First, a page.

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Tons of life left in that one for sure. And just to mirror what Techx said I start at 28f 27r cold on my GSXR 750 at the track and go from there. I dont use warmers either.
 

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Just curious on why you are running more pressure in the rear?
Maybe you guys can help clear something up here for me. As far as I know, I have always run more pressure in the rear per the manual and what many other people have said and done as I was learning to ride over the years but mostly per the manual. Are you guys running more pressure in the front than the rear?? Whats the different effect? I have never tried running more psi in the front, my front is always lower.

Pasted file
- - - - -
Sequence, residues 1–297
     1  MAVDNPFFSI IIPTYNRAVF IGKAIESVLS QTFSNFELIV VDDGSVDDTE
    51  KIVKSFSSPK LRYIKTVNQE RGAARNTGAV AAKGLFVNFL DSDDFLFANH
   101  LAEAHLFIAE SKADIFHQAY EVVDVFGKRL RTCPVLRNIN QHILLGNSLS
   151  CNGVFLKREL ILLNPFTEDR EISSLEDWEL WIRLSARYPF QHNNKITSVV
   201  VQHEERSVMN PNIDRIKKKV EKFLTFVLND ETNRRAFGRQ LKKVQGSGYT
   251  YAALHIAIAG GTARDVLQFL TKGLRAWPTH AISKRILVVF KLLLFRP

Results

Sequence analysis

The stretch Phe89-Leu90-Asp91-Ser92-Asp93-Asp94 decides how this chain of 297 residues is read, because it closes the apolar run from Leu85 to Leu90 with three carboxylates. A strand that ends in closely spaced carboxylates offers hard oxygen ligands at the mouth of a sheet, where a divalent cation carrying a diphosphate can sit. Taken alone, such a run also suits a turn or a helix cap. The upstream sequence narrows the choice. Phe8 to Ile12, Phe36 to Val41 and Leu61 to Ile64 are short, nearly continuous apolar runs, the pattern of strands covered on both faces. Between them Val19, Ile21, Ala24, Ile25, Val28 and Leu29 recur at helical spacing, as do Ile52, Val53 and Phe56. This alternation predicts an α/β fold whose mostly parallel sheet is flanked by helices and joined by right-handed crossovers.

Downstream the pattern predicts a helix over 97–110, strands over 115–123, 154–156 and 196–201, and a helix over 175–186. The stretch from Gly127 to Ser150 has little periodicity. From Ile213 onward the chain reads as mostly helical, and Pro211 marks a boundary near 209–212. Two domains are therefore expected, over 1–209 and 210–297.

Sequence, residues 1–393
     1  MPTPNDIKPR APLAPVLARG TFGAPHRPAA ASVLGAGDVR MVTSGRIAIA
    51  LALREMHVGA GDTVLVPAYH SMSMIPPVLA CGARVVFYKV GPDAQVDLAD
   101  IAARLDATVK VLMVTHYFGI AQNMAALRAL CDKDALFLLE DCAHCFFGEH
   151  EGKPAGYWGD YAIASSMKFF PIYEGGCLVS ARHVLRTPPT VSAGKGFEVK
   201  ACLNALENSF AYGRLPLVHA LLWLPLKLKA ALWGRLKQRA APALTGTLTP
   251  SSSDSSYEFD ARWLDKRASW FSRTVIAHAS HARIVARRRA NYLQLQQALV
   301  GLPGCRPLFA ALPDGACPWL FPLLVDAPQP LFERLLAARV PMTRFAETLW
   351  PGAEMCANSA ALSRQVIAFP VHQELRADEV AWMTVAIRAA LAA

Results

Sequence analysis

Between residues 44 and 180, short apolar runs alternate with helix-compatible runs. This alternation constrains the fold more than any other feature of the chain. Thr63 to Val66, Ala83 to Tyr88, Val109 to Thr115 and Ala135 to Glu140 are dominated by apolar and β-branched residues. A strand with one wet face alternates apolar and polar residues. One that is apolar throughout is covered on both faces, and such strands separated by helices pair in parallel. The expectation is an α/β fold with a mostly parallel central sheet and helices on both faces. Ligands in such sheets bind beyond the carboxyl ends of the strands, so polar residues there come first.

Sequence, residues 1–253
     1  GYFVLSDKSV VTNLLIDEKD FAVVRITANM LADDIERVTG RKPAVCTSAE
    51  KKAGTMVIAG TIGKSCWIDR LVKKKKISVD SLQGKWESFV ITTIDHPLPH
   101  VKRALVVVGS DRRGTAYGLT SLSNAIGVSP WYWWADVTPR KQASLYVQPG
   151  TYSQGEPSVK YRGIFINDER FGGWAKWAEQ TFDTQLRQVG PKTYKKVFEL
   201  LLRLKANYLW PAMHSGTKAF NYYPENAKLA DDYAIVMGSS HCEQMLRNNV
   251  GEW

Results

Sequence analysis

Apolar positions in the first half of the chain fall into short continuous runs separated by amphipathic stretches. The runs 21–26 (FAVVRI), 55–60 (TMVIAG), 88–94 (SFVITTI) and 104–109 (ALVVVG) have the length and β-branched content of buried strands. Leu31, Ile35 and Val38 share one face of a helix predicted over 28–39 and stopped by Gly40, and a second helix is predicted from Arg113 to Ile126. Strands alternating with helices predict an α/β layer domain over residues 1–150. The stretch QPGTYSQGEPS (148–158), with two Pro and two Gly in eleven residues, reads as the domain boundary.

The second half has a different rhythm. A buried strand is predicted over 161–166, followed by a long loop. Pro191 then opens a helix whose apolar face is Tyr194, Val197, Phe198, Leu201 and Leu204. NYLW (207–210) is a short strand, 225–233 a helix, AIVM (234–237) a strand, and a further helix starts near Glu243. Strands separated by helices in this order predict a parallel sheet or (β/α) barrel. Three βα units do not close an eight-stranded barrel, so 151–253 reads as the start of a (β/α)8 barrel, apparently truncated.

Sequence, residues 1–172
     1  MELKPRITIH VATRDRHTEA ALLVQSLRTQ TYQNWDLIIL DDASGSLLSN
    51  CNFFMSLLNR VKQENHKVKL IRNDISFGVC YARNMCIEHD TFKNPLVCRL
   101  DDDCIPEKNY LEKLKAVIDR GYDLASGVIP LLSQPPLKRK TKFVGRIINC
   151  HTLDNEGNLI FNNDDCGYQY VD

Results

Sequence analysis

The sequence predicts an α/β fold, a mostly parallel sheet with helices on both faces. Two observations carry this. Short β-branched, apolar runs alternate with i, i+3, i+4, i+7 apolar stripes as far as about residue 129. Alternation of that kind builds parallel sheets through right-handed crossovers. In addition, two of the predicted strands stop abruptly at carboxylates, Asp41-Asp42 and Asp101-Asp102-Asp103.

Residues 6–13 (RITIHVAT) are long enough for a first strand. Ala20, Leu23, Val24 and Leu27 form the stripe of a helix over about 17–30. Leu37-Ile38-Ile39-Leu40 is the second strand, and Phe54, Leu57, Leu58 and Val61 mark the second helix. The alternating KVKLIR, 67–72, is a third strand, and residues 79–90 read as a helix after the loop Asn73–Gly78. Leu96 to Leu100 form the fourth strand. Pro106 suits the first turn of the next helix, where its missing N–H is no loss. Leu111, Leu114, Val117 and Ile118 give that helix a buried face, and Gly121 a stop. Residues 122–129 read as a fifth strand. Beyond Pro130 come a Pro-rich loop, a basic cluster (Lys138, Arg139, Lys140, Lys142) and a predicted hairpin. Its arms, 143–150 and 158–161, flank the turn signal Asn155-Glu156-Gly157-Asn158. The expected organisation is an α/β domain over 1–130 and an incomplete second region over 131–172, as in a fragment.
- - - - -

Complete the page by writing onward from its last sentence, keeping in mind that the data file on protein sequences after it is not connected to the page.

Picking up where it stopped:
And TechX, you think 34 is high for street? I usually wont go lower than around 30 but then again I only ride street.
 

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Discussion Starter #8 (Edited)
Guys this was 100% STREET riding, i tough my pressure was on the lower side for the street, but this is agressive riding for sure!

When i commute i usually run 34 front and 36-38 rear HOT , when i hit the twisties i lower to 32 front-34 rear HOT and the bike really feel planted to the ground, i never experienced any slippage feel but the tc do kick in a lot but its all fine in term of feeling.

i was just concerned about the blueish, so for the street do you still suggest to lower my rear a little like 32 front-32 rear hot ?

thanks !